Park Avenue Armory has commissioned artist Ann Hamilton to create a new installation, her first largescale project in New York City in more than ten years. On view from December 5, 2012, through January 6, 2013, the event of a thread weaves together Hamilton’s exploration of time-based performance, the act of public speaking, and the poetic accumulation of material for which she is best known.
Responding to the architecture and social history of the Armory, the participatory installation features a field of swings, suspended like pendulums from the drill hall trusses, and incorporates readings, sound, and other live elements that animate the 55,000-square-foot Wade Thompson Drill Hall.
“The message in Hamilton’s work is carried poetically by the live presence of pigeons, acts of reading and writing, radio transmissions, and, perhaps most astoundingly, by visitors who are not only active participants, but whose singular encounters, together, literally make the work complete,” stated Rebecca Robertson, President and Executive Producer of Park Avenue Armory. “the event of a thread is a meditation on the state of ‘being alone together.’”
“Hamilton’s installation draws together human actions—including speaking, singing, reading and writing—with the poetic potential of physical forces, such as velocity, time, and sound,” stated Kristy Edmunds, Consulting Artistic Director at the Armory. “Weaving together these threads of activity and spatial exploration, Hamilton’s work envelops the visitor with a demonstration of collective identity and interconnectedness.”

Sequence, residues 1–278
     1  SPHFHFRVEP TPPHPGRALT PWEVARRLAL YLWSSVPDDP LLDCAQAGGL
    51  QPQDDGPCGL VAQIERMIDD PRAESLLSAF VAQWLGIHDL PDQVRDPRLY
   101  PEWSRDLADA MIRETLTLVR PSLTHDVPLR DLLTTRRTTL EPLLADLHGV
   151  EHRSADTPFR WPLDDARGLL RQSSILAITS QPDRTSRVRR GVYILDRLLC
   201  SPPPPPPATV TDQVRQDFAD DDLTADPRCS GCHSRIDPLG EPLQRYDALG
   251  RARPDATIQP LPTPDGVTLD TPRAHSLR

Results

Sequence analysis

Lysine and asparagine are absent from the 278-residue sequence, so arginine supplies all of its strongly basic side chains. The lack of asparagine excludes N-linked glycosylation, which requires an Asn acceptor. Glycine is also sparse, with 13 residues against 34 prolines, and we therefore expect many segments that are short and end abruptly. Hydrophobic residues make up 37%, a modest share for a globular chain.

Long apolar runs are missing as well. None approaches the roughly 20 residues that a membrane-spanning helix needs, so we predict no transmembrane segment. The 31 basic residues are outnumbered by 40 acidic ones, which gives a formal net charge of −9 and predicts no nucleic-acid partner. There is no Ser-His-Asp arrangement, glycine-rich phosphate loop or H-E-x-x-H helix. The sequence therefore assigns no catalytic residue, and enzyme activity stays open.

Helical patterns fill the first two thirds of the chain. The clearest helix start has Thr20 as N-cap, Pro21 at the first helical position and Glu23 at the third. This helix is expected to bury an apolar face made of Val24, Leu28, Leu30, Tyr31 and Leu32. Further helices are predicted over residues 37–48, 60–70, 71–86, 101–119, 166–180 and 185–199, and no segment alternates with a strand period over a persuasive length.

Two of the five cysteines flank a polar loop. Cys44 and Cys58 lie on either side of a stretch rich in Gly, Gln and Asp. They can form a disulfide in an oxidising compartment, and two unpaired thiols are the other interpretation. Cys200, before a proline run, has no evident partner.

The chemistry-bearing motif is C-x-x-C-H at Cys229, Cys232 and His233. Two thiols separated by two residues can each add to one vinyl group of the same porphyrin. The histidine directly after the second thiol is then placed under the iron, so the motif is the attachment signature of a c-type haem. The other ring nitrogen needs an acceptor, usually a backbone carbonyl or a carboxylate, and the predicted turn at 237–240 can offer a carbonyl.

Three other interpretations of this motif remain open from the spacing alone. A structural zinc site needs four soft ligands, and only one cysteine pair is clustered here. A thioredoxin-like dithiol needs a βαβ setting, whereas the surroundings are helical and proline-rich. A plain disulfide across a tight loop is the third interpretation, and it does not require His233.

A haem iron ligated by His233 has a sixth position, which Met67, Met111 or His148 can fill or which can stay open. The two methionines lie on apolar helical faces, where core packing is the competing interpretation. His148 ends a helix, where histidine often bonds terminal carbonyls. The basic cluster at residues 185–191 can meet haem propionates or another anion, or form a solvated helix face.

The title of Hamilton's installation refers to the artist’s background in textile arts and quotes Anni Albers who, in writing on weaving for Encyclopedia Britannica, reflected that all weaving traces back to “the event of a thread.”
Hamilton extends Albers’ idea, using it as a metaphor in the creation of an environmental system that registers multiple intimate encounters within a vast and complex fabric of physical experiences. The work illuminates the condition of the social, the interconnectedness of our personal actions. 42 swings suspended from the hall’s elliptical wrought iron structural trusses connect via ropes and pulleys to each other and to a massive white cloth. Visitors’ movement on the swings is visibly registered in undulations of the cloth.
The white cloth bisects the field of swings, so that each of the 21 swings on one side of the cloth has its counterpart on the other side. The resultant movement in the cloth caused by one swing is further changed and enhanced when another visitor engages the corresponding swing on the opposite side of the cloth. Because the work is set in motion by the interaction of visitors, the resultant atmosphere of the installation will remain in a state of continual flux.
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